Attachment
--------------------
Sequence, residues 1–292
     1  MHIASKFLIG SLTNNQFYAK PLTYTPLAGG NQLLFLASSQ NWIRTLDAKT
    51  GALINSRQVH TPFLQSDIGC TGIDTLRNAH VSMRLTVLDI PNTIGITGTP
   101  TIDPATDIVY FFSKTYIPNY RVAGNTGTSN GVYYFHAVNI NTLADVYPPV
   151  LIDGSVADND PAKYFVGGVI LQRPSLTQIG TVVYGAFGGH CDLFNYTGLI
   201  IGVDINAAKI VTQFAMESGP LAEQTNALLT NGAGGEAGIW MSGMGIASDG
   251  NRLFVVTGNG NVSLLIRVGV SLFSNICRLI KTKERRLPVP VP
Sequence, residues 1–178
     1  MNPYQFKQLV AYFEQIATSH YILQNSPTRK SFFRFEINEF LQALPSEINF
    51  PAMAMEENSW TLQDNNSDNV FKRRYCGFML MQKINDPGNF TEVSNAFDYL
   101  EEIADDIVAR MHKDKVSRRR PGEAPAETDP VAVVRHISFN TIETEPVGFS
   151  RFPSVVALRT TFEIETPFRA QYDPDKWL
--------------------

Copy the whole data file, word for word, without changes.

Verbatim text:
Sequence, residues 1–292
     1  MHIASKFLIG SLTNNQFYAK PLTYTPLAGG NQLLFLASSQ NWIRTLDAKT
    51  GALINSRQVH TPFLQSDIGC TGIDTLRNAH VSMRLTVLDI PNTIGITGTP
   101  TIDPATDIVY FFSKTYIPNY RVAGNTGTSN GVYYFHAVNI NTLADVYPPV
   151  LIDGSVADND PAKYFVGGVI LQRPSLTQIG TVVYGAFGGH CDLFNYTGLI
   201  IGVDINAAKI VTQFAMESGP LAEQTNALLT NGAGGEAGIW MSGMGIASDG
   251  NRLFVVTGNG NVSLLIRVGV SLFSNICRLI KTKERRLPVP VP
Sequence, residues 1–178
     1  MNPYQFKQLV AYFEQIATSH YILQNSPTRK SFFRFEINEF LQALPSEINF
    51  PAMAMEENSW TLQDNNSDNV FKRRYCGFML MQKINDPGNF TEVSNAFDYL
   101  EEIADDIVAR MHKDKVSRRR PGEAPAETDP VAVVRHISFN TIETEPVGFS
   151  RFPSVVALRT TFEIETPFRA QYDPDKWL